Poppycock, say you? I could go on launching anecdotal torpedoes; you could remonstrate, reading it differently; there are a zillion factors I’m not mentioning; we could argue for days. This back-and-forth, when translated from words to buys and sells, is the tape. The tape doesn’t “say” anything at all. It’s just a record of what quants, prop desks, and traders of all stripes think tick by tick, and it doesn’t take a genius to see that no matter what your time frame, it is a record of conflicting opinion as often as it is of consensus. It’s the inverse of that other (equally annoying) cliche about stopped clocks: If the tape reliably “tells the truth” in any one moment, then logically speaking it’s lying the next time it moves. And its honesty is immaterial; no one gives up and goes home if we hit the value on the head, because trading is speculating, and doesn’t give a quarter of a damn about the truth. If the tape pronounced a security’s price incontrovertibly, froze a company’s value in the glare of absolute knowledge, there would be no more buying or selling, because the discovery would have ended, until the company evolved and its value changed. Traders would just walk away–no more action. No edge.

The point here is not to crank out weak semantic wit. It’s to get to the heart of the matter: what we talk about when we talk about tape not lying. Price movement is an expression of conviction, or rather the net of a bunch of conflicting convictions, about value and its likely reflection. I buy $COF at 15 because I believe (whatever the source, it’s just a belief, not a “fact” or a “truth”) it is worth more, or at least other people are likely to think so soon; you sell it short because you believe it is worth less. From the moment we place our bets, the tape appears to reveal the truth like a called poker player turning over cards, making one of us right and one of us wrong, and thereafter, indisputably, one of us is a tape-fighter and the other a genius.

All brought to you courtesy of the booster-rocket refraction of hindsight. When a stock jumps 25% in 13 hours of trading, it may look like the tape was sitting on a mighty strong truth, but it’s really just a sudden consensus feeding on itself, the movement causing more and more $COF traders to reach the same conclusion: Whether short or long, they both needed another share. The ordinary cacophony of opinions suddenly resolves itself into a clear picture of fear (here, the shorts) and its common-law spouse greed (the longs), and tape “truth” is “born”.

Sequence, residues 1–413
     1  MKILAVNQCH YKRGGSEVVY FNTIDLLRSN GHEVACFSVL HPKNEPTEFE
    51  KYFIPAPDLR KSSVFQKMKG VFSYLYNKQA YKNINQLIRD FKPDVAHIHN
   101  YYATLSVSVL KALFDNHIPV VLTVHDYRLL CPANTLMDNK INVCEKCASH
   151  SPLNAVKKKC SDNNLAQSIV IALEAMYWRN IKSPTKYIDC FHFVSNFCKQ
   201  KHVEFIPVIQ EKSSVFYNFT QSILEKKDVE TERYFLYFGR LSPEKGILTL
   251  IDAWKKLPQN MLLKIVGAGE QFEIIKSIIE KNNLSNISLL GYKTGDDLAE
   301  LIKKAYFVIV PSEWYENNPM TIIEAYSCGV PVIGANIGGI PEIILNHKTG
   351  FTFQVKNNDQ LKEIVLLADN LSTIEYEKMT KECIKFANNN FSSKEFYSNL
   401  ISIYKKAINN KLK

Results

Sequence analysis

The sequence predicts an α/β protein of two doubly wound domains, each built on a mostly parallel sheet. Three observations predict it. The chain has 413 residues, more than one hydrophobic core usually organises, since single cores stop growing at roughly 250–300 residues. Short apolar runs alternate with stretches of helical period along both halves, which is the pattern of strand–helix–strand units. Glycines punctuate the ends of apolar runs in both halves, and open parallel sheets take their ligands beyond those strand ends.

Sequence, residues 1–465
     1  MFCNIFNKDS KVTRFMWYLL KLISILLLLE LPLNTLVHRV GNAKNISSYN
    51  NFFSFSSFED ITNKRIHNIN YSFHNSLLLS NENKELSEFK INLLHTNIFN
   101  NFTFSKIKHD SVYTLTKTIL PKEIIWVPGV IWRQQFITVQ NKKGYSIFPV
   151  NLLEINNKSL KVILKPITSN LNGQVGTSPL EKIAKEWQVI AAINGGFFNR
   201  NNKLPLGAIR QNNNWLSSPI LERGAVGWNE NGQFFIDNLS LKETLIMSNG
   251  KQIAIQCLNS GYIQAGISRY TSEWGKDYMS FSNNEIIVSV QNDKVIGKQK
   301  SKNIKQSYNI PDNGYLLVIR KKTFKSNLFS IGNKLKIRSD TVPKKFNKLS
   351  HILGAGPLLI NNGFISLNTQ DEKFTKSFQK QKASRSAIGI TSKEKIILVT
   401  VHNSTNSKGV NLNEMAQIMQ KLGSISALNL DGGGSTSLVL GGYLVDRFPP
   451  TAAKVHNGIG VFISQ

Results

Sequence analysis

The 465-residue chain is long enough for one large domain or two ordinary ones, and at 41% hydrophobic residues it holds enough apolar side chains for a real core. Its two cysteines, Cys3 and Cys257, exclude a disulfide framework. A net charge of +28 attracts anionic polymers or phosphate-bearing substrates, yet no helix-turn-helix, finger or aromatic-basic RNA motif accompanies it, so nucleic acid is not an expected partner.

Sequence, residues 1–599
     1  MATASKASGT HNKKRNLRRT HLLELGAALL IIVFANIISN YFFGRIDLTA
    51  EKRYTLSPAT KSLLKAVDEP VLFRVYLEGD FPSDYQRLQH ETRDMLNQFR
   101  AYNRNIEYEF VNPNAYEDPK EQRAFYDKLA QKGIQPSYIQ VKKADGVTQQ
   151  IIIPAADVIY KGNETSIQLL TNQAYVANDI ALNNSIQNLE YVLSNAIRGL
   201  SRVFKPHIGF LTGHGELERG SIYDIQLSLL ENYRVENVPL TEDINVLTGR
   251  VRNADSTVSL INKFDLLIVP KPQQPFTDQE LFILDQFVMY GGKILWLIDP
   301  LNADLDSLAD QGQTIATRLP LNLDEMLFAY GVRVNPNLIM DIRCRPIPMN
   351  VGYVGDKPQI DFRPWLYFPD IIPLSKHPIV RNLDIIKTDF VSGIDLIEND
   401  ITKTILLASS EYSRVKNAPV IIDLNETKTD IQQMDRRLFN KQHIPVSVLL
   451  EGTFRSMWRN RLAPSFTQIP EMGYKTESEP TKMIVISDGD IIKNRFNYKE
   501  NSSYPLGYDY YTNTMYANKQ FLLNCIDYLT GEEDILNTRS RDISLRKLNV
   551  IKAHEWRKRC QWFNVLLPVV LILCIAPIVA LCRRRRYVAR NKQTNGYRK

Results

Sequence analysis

The flop

The poker-player comparison is useful for another reason: even if the tape did speak, it couldn’t possibly tell the truth about value, because value doesn’t exist, except as constantly shifting assumptions. I used to think that poker was a lot riskier than trading, because there are so many unknowns, and chance is certainly in play. But at least at the end of a hand, there is order: Cards are turned over, an uncontested winner and loser discovered. The only possible truth for a publicly traded company, as Zero Hedge‘s fabulous tagline reminds us, is bankruptcy and liquidation, the clock stopping for good. Though the tape may anticipate a market death, and will certainly have a lot to “say” about it however late to the party, the one incontestable statement of value takes place in court, not in the market.

So when the twitter stream pops out the old warhorse, I may remonstrate, but the more productive thing to do is to translate its meaningless message into plain old common sense:

Chaos and conviction, fear and greed, have nothing to do with the truth, but everything to do with often-repeated patterns of human behavior.

(Not as zippy, is it? Kinda like, say, actual trading itself–more karate, less kid.)

Struggle against these patterns–order the chaos, fight the consensus, get greedy amidst the fear or fearful amidst the greed–at your account balance’s peril.

To which I have but one more thing to add: we trust this rally tape at our economy’s peril.